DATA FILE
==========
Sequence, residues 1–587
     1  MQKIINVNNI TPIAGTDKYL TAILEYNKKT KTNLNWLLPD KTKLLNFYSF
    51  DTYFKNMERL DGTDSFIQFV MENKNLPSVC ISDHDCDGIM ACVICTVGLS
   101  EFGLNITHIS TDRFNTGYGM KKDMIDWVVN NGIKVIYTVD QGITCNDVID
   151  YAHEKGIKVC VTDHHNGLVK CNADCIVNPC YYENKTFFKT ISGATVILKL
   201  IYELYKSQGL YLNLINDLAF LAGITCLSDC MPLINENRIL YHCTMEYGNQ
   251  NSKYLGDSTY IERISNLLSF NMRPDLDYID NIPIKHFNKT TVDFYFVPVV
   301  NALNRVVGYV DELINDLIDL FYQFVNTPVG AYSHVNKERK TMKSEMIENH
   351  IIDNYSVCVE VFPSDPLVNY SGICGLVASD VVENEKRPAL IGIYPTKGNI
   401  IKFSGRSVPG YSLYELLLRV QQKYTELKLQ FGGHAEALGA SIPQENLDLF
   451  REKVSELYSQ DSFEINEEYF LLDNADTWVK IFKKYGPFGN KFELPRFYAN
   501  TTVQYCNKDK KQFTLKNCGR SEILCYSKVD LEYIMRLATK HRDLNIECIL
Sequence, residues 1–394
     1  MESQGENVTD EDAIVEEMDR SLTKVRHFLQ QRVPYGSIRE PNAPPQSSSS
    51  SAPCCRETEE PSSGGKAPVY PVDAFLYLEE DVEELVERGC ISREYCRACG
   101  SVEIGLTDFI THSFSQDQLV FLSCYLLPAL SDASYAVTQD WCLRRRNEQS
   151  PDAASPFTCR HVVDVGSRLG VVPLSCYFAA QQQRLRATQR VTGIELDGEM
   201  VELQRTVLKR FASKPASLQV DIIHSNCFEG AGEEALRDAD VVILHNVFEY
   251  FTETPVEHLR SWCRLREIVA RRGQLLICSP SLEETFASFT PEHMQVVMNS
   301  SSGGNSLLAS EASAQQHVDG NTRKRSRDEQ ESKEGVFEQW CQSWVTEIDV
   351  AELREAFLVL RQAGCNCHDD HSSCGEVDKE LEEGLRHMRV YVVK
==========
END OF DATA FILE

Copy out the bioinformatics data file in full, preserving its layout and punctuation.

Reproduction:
Sequence, residues 1–587
     1  MQKIINVNNI TPIAGTDKYL TAILEYNKKT KTNLNWLLPD KTKLLNFYSF
    51  DTYFKNMERL DGTDSFIQFV MENKNLPSVC ISDHDCDGIM ACVICTVGLS
   101  EFGLNITHIS TDRFNTGYGM KKDMIDWVVN NGIKVIYTVD QGITCNDVID
   151  YAHEKGIKVC VTDHHNGLVK CNADCIVNPC YYENKTFFKT ISGATVILKL
   201  IYELYKSQGL YLNLINDLAF LAGITCLSDC MPLINENRIL YHCTMEYGNQ
   251  NSKYLGDSTY IERISNLLSF NMRPDLDYID NIPIKHFNKT TVDFYFVPVV
   301  NALNRVVGYV DELINDLIDL FYQFVNTPVG AYSHVNKERK TMKSEMIENH
   351  IIDNYSVCVE VFPSDPLVNY SGICGLVASD VVENEKRPAL IGIYPTKGNI
   401  IKFSGRSVPG YSLYELLLRV QQKYTELKLQ FGGHAEALGA SIPQENLDLF
   451  REKVSELYSQ DSFEINEEYF LLDNADTWVK IFKKYGPFGN KFELPRFYAN
   501  TTVQYCNKDK KQFTLKNCGR SEILCYSKVD LEYIMRLATK HRDLNIECIL
Sequence, residues 1–394
     1  MESQGENVTD EDAIVEEMDR SLTKVRHFLQ QRVPYGSIRE PNAPPQSSSS
    51  SAPCCRETEE PSSGGKAPVY PVDAFLYLEE DVEELVERGC ISREYCRACG
   101  SVEIGLTDFI THSFSQDQLV FLSCYLLPAL SDASYAVTQD WCLRRRNEQS
   151  PDAASPFTCR HVVDVGSRLG VVPLSCYFAA QQQRLRATQR VTGIELDGEM
   201  VELQRTVLKR FASKPASLQV DIIHSNCFEG AGEEALRDAD VVILHNVFEY
   251  FTETPVEHLR SWCRLREIVA RRGQLLICSP SLEETFASFT PEHMQVVMNS
   301  SSGGNSLLAS EASAQQHVDG NTRKRSRDEQ ESKEGVFEQW CQSWVTEIDV
   351  AELREAFLVL RQAGCNCHDD HSSCGEVDKE LEEGLRHMRV YVVK